Feb 15, 2013 | 7:18 pm

     
  16. ConnieC says:

    bettyQ: you get to keep your “vow” as you identified the marmalade correctly!

    Feb 15, 2013 | 7:34 pm

     
  17. Marketman says:

    Rona Y, they have the pineapple eye remover in Divisoria sometimes. But if you happen to be in mandaluyong or thereabouts, there is a stainless steel/kitchen supplies dive on Pioneer street on the right side from EDSA to Shaw and they sometimes have it as well. I haven’t seen the tool in too many places otherwise…

    Feb 15, 2013 | 8:36 pm

     
  18. NYCgurley says:

    Thanks MM & MP for the recommendations. I am so excited to go to Salcedo now.. those pictures of jam just made me weep and crave for raspberry jam, mucho! Wish I have a sister like that too! heee hee

    Feb 16, 2013 | 8:20 am

     
  19. betty q. says:

    J. And Ms. Connie C…as you know Ms. Connie C., typing does not like me! My brain often goes on overdrive when I am typing. I meant to say that comment would be the last comment ever on that THREAD and not post for I was getting big fat headaches wracking my brains trying to figure out what it was. having a migraine to begin with does not help at all…did not want to take any analgesics till the right time…So, I apologize if I offended you or anyone for that matter. typing on the IPad too does not help lalo na sa PHONE!!!!

    Howver, so I do not get into anymore trouble as I have said in the other post in response to J…my husband suggested that I just continue reading blogs I enjoy following …food and gardening related but just confine to just READING THEM before calling it a day.

    Happy Easter to all!

    Feb 17, 2013 | 10:31 am

     
  20. Sister says:

    Cedrat is citron, another good candidate for marmalade.

    Feb 18, 2013 | 1:48 am

     
  21. Ed B. says:

    Those are some very nice and very tasty looking jams…One question though, what do you do with all the jars once you’ve cleaned out all the jam? I can’t imagine that you send them back to your sister as I don’t think that would be very economical (but it would be very earth friendly). :-)

    Feb 18, 2013 | 12:58 pm

     
  22. Marketman says:

    Ed B, many of these are standard Ball jar sizes, for which I often have extra new covers, so I can re-use the bottles. Also, they can be recycled for bagoong manufacture, or storage of legumes, specialty grains and rice. Also good for making simple pickles at home in your fridge rather than heat treated ones… so the bottles don’t go to waste… :)

    Feb 18, 2013 | 1:23 pm

     
  23. Ed B. says:

    Ah I see…I was just curious and was wondering if you’ve ever sold off any of the jars because Ball jars are still (I believe) difficult to find here in the Philippines, and are quite expensive if you do find them.

    Feb 18, 2013 | 3:52 pm

     
  24. Marketman says:

    Ball jars are sometimes available in the True Value store in the basement of Rockwell, and other larger locations. They are pricey, sometimes up to PHP100 a jar, but re-usable. I buy new covers/tops when I manage to find them on trips to the U.S. and it is canning season (towards the end of the summer). The jars are very sturdy and most useful.

    Feb 18, 2013 | 4:06 pm

     
  25. Betchay says:

    I wish sister will adopt me and send me those jams and marmalades too!

    Feb 18, 2013 | 6:03 pm

     
  26. Ed B. says:

    Thank you for the tip on where to find Ball jars. :D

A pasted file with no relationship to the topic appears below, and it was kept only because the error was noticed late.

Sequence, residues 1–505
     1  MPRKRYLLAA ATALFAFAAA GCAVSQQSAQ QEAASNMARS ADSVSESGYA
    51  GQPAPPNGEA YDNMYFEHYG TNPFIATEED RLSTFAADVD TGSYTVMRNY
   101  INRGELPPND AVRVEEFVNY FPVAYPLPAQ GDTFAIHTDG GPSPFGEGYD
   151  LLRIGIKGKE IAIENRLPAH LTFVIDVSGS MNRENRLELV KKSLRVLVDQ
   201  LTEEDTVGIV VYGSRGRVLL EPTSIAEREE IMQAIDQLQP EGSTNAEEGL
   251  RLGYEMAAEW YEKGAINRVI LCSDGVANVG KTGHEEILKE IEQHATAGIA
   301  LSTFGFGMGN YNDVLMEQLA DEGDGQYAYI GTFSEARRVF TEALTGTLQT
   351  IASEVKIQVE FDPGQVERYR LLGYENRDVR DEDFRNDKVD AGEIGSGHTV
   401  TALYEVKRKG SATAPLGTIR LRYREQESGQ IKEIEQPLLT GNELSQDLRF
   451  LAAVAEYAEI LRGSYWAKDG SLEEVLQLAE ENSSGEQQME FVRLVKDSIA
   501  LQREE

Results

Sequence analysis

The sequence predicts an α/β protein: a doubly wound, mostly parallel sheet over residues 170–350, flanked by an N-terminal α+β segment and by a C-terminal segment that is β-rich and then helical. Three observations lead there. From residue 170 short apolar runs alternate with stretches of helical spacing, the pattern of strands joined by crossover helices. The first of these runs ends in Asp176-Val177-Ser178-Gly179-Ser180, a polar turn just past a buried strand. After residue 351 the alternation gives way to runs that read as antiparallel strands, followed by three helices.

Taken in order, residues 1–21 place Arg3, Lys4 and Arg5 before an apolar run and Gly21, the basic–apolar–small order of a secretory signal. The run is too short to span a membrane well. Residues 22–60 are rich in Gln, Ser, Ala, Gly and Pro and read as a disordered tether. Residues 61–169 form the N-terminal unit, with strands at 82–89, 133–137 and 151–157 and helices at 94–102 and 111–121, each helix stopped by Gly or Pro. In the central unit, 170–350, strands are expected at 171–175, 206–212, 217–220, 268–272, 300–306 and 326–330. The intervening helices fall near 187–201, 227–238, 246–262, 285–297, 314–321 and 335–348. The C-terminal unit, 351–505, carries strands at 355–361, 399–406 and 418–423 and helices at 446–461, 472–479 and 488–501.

Feb 19, 2013 | 8:04 pm

     
  27. Rona Y says:

    Thanks! I was in that general area for a bit, but couldn’t spend much time looking. Next time!

    BTW, the NYTimes has an article this week on Mallorcas, which is the word the author uses for Spanish ensaimada. If you’re interested in reading, the link to the article is http://www.nytimes.com/2013/02/20/dining/the-mallorcas-of-san-juan.html and to the recipe is http://www.nytimes.com/recipes/1014558/Mallorcas.html?pagewanted=print

    Feb 20, 2013 | 10:35 am

     
  28. cat says:

    Nice post sir! I love jams, especially the sweet and tart tasting combos. :)
    I recently discovered Tamarind Jam and fell in love with it. My husband doesn’t like it even my “open-minded” (when it comes to food) parents hates the taste of it. I’m trying to find a Tamarind jam in the market, do you know and can you suggest (perhaps) a good one?

    Feb 20, 2013 | 11:32 am

     
  29. Marketman says:

    Rona, thank you very much for that link, I will definitely try the mallorcas recipe soon, it sounds really simplified. However, this does differ from an ensaimada mallorquina, for the sole reason that ensaimada was named after a critical ingredient, saim, or lard. But if this tastes good, and is easy to do, its worth a try… :)

    Feb 20, 2013 | 4:34 pm

     
  30. Sister says:

    Tamarind jam is delicious. You have to peel, then boil the ripe tamarind with a little water to loosen the brown pulp. Then push through a coarse strainer to remove the seeds and cellulose. Measure the pulp and add sugar one to one and cook until thickened. Adding a little pectin will reduce the cooking time and preserve more of the tamarind flavor.
    You should try making it during tamarind season, marketman, Lola used to make it in the 1950′s.

    Feb 22, 2013 | 11:39 pm

     
  31. Rona Y says:

    Some additional notes about making the recipe were recently posted here http://dinersjournal.blogs.nytimes.com/2013/02/22/notes-from-the-recipe-tester-mallorcas/?partner=rss&emc=rss .

    I hope you post about your experiment. The article states the recipe is based on the Mallorca of San Juan, Puerto Rico, so I am curious as to the differences in its evolution in the Philippines vs another Spanish colony. Which might be closer to the original, I wonder?

    BTW, while in Manila I purchased a dozen of Addie Wijangco’s ensaymada. Delicious! Not really old-style, but full of butter and egg yolks. I shared one with a co-worker who unfolded one end of the wrapper, took a big whiff, and said, “This smells exactly like the butter my grandmother used to make. Pure fresh butter!” If I were in Manila, I would buy more!

    Feb 23, 2013 | 2:55 am